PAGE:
Typically geometry software covers a wide range of application areas, including pure Euclidean and non-Euclidean geometry, computer-aided design, and computational kinematics. It is often found being used for learning and teaching mathematics in schools and colleges and for research purposes.

The post 9 Best Free Linux Geometry Software appeared first on LinuxLinks.

Excellent Free Books to Learn Pascal

Tuesday 27th of August 2019 06:21:57 AM

Pascal is an imperative and procedural programming language designed in the late 1960s by Niklaus Wirth to teach structured programming using subprograms called procedures and functions.

The post Excellent Free Books to Learn Pascal appeared first on LinuxLinks.

More in Tux Machines

A Look at KDE Plasma 5.17 Beta and Report From Akademy 2019

  • KDE Plasma 5.17 Beta Run Through

    In this video, we look at KDE Plasma 5.17 Beta, enjoy!

  • TSDgeos' blog: Akademy 2019

    It's 10 days already since Akademy 2019 finished and I'm already missing it :/ Akademy is a week-long action-packed conference, talks, BoFs, daytrip, dinner with old and new friends, it's all a great combination and shows how amazing KDE (yes, the community, that's our name) is. On the talks side i missed some that i wanted to attend because i had to extend my time at the registration booth helping fellow KDE people that had forgotten to register (yes, our setup could be a bit easier, doesn't help that you have to register for talks, for travel support and for the actual conference in three different places), but I am not complaining, you get to interact with lots of people in the registration desk, it's a good way to meet people you may not have met otherwise, so please make sure you volunteer next year ;) One of the talks i want to highlight is Dan VrĂĄtil's talk about C++, I agree with him that we could do much better in making our APIs more expressive using the power of "modern" C++ (when do we stop it calling modern?). It's a pity that the slides are not up so you'll have to live with KĂŠvin Ottens sketch of it for now.

Programming Leftovers

  • DevNation Live: Event-driven business automation powered by cloud-native Java

    DevNation Live tech talks are hosted by the Red Hat technologists who create our products. These sessions include real solutions and code and sample projects to help you get started. In this talk, presented by Red Hat’s Maciej Swiderski, Principal Software Engineer, and Burr Sutter, Chief Developer Evangelist, you’ll learn about event-driven business automation using Kogito, Quarkus, and more. Kogito is a new Java toolkit, based on Drools and jBPM, that’s made to bring rules and processes to the Quarkus world. This DevNation Live presentation shows how Kogito can be used to build cloud-ready, event-driven business applications, and it includes a demo of implementing the business logic of a complex domain. Kogito itself is defined as a cloud-native business automation toolkit that helps you to build intelligent applications. It’s way more than just a business process or a single business rule—it’s a bunch of business rules, and it’s based on battle-tested capabilities.

  • NVIDIA Video Codec SDK 9.1 Brings CUDA CUStream Support, Other Encoder Improvements

    Following the February release of Video Codec SDK 9.0, NVIDIA recently did a quiet release of the Video Codec SDK 9.1 update that furthers along this cross-platform video encode/decode library.

  • Mike Driscoll: PyDev of the Week: Peter Farrell

    This week we welcome Peter Farrell (@hackingmath) as our PyDev of the Week! Peter is the author Math Adventures with Python and two other math related Python books. You can learn more about Peter by visiting his website.

  • Mutation testing by example: How to leverage failure
  • Reuven Lerner: Looking for Python podcast co-hosts

    As you might know, I’m a panelist on the weekly “Freelancers Show” podcast, which talks about the business of freelancing. The good news: The same company that’s behind the Freelancers Show, Devchat.tv, is putting together a weekly podcast about Python, and I’m going to be on that, too! We’ll have a combination of discussion, interviews with interesting people in the Python community, and (friendly) debates over the current and future state of the language.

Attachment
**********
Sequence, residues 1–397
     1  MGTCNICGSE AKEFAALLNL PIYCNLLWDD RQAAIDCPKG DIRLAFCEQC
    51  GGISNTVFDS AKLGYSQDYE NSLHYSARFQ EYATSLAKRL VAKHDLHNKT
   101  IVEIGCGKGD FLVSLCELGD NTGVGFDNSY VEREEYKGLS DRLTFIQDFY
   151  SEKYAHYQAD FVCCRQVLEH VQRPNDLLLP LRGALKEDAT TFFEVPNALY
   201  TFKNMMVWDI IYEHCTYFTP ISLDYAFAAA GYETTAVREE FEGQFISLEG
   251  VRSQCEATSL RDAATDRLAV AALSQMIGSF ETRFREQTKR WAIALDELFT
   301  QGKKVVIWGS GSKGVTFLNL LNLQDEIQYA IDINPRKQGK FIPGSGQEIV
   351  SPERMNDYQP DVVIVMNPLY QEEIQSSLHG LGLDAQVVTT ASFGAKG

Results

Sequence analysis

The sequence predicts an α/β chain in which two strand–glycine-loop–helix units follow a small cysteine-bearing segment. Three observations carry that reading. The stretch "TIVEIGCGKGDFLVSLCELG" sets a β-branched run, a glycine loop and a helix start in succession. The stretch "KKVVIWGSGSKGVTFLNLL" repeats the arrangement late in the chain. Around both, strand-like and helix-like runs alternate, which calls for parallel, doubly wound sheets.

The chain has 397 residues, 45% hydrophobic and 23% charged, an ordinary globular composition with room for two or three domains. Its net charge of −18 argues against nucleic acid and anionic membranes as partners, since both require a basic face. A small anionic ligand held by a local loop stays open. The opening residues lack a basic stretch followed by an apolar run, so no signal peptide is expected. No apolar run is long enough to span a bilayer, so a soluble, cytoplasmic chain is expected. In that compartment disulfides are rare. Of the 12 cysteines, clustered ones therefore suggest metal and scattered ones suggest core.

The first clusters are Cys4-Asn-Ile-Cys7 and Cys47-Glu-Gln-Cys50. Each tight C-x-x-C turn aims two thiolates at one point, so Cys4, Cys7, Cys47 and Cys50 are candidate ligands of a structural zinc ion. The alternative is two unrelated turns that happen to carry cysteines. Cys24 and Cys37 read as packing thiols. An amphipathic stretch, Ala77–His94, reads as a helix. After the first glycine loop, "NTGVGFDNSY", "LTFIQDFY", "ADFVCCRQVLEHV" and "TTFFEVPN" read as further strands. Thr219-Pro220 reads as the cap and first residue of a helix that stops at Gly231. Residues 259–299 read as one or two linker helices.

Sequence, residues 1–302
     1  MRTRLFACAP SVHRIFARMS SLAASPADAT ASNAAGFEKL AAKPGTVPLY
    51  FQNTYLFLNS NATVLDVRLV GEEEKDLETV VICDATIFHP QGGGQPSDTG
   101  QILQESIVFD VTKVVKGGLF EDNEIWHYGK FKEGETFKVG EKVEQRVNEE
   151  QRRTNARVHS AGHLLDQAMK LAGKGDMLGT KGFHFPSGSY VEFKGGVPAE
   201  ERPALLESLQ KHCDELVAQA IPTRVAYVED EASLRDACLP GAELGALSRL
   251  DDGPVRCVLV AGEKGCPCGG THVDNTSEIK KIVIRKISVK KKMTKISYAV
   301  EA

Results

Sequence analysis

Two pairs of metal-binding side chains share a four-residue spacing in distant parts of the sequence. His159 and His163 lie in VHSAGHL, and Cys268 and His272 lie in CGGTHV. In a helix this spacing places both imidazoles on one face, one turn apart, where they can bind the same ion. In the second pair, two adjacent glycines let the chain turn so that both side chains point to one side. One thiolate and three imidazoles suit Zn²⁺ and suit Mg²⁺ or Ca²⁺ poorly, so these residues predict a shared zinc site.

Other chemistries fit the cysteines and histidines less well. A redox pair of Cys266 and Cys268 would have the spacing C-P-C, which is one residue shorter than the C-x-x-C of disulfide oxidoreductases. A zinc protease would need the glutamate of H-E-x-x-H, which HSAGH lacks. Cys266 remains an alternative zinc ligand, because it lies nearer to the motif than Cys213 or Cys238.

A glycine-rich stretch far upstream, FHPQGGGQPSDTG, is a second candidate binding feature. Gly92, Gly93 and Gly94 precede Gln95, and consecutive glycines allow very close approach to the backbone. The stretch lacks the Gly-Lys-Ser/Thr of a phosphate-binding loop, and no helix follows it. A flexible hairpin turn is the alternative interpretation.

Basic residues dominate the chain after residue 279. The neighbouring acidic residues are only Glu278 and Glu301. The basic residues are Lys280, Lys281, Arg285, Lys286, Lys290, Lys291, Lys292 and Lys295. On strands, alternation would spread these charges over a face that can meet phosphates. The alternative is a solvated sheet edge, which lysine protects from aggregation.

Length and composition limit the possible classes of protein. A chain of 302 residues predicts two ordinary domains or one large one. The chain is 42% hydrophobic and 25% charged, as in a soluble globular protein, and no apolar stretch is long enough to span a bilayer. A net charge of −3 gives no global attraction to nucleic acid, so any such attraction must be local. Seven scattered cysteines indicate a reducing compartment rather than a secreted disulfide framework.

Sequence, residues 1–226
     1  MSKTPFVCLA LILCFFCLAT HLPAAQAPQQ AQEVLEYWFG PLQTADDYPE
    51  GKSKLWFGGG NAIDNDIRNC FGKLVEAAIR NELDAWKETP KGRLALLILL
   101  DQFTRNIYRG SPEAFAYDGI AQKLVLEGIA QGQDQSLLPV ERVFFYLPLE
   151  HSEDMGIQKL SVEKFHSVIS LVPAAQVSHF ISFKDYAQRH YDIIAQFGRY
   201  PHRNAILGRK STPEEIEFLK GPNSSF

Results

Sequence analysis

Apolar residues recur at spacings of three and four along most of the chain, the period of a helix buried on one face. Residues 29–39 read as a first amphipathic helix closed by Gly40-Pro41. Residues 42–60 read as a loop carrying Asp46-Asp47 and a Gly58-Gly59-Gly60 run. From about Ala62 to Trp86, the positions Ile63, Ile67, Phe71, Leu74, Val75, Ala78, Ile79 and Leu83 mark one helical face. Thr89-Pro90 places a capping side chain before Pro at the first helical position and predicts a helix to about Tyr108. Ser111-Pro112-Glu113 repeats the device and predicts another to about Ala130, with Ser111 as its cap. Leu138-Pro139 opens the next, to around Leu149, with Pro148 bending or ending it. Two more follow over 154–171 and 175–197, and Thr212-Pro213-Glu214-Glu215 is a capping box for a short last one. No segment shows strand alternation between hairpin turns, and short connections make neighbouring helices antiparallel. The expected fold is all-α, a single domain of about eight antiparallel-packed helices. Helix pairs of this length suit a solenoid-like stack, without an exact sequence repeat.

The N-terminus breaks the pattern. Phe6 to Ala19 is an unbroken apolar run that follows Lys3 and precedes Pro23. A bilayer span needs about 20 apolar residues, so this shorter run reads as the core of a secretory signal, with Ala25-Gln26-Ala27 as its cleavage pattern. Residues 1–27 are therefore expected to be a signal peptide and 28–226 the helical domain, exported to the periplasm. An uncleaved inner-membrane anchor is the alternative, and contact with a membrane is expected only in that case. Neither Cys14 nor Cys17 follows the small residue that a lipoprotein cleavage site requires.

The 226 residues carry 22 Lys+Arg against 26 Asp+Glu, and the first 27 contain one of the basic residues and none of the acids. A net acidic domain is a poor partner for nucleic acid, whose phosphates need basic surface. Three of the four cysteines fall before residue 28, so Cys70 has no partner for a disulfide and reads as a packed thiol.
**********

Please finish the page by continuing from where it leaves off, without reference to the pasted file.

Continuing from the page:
• Getting started with data science using Python

    Data science is an exciting new field in computing that's built around analyzing, visualizing, correlating, and interpreting the boundless amounts of information our computers are collecting about the world. Of course, calling it a "new" field is a little disingenuous because the discipline is a derivative of statistics, data analysis, and plain old obsessive scientific observation. But data science is a formalized branch of these disciplines, with processes and tools all its own, and it can be broadly applied across disciplines (such as visual effects) that had never produced big dumps of unmanageable data before. Data science is a new opportunity to take a fresh look at data from oceanography, meteorology, geography, cartography, biology, medicine and health, and entertainment industries and gain a better understanding of patterns, influences, and causality. Like other big and seemingly all-inclusive fields, it can be intimidating to know where to start exploring data science. There are a lot of resources out there to help data scientists use their favorite programming languages to accomplish their goals, and that includes one of the most popular programming languages out there: Python. Using the Pandas, Matplotlib, and Seaborn libraries, you can learn the basic toolset of data science.

Excellent Utilities: Liquid Prompt – adaptive prompt for Bash & Zsh

This is a new series highlighting best-of-breed utilities. We’re covering a wide range of utilities including tools that boost your productivity, help you manage your workflow, and lots more besides. There’s a complete list of the tools in this series in the Summary section. The Command Line Interface (CLI) is a way of interacting with your computer. And if you ever want to harness all the power of Linux, it’s highly recommended to master it. It’s true the CLI is often perceived as a barrier for users migrating to Linux, particularly if they’re grown up using GUI software exclusively. While Linux rarely forces anyone to use the CLI, some tasks are better suited to this method of interaction, offering inducements like superior scripting opportunities, remote access, and being far more frugal with a computer’s resources. For anyone spending time at the CLI, they’ll rely on the shell prompt. My favorite shell is Bash. By default, the configuration for Bash on popular distributions identifies the user name, hostname, and the current working directory. All essential information. But with Liquid Prompt you can display additional information such as battery status, CPU temperature, and much more. Read more